Pulmonary Artery Catheter Use and Mortality in the Cardiac Intensive Care Unit.

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BACKGROUND: The appropriate use of pulmonary artery catheters (PACs) in critically ill cardiac patients remains debated.

OBJECTIVES: The authors aimed to characterize the current use of PACs in cardiac intensive care units (CICUs) with attention to patient-level and institutional factors influencing their application and explore the association with in-hospital mortality.

METHODS: The Critical Care Cardiology Trials Network is a multicenter network of CICUs in North America. Between 2017 and 2021, participating centers contributed annual 2-month snapshots of consecutive CICU admissions. Admission diagnoses, clinical and demographic data, use of PACs, and in-hospital mortality were captured.

RESULTS: Among 13,618 admissions at 34 sites, 3,827 were diagnosed with shock, with 2,583 of cardiogenic etiology. The use of mechanical circulatory support and heart failure were the patient-level factors most strongly associated with a greater likelihood of the use of a PAC (OR: 5.99 [95% CI: 5.15-6.98]; P < 0.001 and OR: 3.33 [95% CI: 2.91-3.81]; P < 0.001, respectively). The proportion of shock admissions with a PAC varied significantly by study center ranging from 8% to 73%. In analyses adjusted for factors associated with their placement, PAC use was associated with lower mortality in all shock patients admitted to a CICU (OR: 0.79 [95% CI: 0.66-0.96]; P = 0.017).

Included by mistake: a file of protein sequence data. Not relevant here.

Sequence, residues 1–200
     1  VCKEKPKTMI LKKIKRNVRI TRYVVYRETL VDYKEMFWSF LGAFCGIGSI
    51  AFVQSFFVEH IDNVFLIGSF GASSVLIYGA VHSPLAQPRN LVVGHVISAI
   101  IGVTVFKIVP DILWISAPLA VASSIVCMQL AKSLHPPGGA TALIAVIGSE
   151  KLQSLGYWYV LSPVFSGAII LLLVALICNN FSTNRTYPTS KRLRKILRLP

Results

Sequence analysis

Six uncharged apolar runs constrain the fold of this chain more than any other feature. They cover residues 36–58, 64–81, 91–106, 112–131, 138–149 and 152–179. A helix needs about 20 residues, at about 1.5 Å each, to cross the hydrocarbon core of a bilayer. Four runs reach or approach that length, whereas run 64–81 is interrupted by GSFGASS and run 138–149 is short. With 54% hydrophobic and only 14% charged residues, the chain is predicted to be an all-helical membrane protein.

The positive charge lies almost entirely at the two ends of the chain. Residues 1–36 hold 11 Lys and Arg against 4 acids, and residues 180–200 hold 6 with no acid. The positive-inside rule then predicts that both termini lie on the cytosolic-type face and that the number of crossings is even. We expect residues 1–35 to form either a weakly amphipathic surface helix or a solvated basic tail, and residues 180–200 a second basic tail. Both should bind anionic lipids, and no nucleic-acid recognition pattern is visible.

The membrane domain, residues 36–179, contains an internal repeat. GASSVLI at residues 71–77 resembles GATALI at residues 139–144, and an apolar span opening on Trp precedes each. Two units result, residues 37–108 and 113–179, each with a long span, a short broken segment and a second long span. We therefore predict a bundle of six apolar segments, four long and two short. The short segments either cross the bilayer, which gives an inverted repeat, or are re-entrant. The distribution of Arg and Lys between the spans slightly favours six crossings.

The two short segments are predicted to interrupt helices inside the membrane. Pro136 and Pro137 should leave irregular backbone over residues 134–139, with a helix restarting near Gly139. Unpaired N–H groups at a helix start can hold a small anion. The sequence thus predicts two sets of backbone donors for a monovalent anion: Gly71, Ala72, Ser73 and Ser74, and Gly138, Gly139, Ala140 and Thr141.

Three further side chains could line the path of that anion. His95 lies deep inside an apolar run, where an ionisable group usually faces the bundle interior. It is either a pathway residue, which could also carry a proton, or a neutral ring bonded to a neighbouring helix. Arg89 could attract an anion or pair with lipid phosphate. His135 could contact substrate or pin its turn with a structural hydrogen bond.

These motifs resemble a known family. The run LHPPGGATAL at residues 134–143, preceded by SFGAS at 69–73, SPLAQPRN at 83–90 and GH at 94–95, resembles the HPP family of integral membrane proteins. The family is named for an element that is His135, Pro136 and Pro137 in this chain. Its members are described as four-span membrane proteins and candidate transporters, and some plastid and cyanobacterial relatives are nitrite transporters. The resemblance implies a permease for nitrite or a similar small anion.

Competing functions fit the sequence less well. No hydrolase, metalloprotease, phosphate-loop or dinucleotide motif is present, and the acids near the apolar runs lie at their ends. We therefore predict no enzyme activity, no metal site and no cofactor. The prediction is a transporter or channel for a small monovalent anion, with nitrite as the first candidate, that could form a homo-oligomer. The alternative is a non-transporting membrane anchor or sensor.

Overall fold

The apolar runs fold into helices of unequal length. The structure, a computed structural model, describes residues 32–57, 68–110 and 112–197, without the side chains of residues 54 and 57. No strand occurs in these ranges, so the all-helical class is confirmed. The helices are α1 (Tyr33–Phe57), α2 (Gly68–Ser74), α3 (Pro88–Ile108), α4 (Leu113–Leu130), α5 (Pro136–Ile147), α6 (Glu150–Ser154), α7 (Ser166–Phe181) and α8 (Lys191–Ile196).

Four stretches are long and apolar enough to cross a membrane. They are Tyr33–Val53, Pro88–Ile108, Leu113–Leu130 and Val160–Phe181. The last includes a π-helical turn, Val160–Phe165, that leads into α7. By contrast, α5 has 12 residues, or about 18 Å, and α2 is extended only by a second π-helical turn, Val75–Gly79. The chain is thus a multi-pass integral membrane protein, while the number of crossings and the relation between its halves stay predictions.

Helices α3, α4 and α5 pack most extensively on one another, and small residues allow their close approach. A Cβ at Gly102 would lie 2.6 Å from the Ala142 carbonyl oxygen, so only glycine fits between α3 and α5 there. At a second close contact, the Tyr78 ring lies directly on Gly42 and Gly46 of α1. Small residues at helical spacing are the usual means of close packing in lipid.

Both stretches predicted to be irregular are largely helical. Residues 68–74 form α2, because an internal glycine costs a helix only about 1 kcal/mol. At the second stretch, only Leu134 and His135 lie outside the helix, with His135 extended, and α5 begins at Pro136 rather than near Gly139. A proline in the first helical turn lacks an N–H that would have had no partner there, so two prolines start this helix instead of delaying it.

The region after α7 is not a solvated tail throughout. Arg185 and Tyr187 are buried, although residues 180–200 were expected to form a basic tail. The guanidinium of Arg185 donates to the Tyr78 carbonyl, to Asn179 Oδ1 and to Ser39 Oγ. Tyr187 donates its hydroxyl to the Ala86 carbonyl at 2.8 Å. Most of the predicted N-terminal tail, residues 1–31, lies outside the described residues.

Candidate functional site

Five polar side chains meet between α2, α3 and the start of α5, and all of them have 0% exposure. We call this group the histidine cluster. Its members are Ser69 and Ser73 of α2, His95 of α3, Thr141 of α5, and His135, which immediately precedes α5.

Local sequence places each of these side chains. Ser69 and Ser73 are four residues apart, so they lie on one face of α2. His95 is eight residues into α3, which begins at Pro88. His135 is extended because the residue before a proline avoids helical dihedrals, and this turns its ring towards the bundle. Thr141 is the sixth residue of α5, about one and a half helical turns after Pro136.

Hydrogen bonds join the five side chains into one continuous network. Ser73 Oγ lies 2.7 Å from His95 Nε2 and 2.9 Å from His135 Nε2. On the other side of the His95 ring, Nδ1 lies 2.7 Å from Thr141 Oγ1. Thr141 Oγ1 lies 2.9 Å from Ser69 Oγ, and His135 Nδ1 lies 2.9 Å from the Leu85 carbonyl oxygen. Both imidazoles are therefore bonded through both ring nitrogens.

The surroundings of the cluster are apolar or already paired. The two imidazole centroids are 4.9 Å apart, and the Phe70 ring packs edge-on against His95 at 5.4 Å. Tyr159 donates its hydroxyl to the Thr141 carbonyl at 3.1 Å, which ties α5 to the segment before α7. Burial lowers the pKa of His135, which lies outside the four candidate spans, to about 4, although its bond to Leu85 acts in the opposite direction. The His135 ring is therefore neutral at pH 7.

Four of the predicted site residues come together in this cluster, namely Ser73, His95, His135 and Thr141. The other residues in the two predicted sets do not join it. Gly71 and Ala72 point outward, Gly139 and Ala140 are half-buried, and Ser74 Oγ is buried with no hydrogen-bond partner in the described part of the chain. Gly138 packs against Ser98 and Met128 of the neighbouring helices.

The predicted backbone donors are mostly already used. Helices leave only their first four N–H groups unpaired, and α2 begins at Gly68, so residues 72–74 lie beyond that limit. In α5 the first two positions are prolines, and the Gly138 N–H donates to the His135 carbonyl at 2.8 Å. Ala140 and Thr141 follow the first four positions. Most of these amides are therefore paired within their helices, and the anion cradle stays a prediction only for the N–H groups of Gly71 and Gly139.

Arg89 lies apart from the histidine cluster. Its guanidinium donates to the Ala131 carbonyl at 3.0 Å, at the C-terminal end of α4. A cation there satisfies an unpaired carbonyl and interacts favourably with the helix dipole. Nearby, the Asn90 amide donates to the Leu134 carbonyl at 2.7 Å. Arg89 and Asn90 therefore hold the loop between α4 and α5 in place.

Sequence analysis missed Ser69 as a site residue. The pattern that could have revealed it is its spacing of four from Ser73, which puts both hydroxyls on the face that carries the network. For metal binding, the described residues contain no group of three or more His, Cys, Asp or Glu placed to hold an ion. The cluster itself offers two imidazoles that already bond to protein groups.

CONCLUSIONS: There is wide variation in the use of PACs that is not fully explained by patient level-factors and appears driven in part by institutional tendency. PAC use was associated with higher survival in cardiac patients with shock presenting to CICUs. Randomized trials are needed to guide the appropriate use of PACs in cardiac critical care.




Medicine and Health Sciences




Department of Medicine, Cardiology Division

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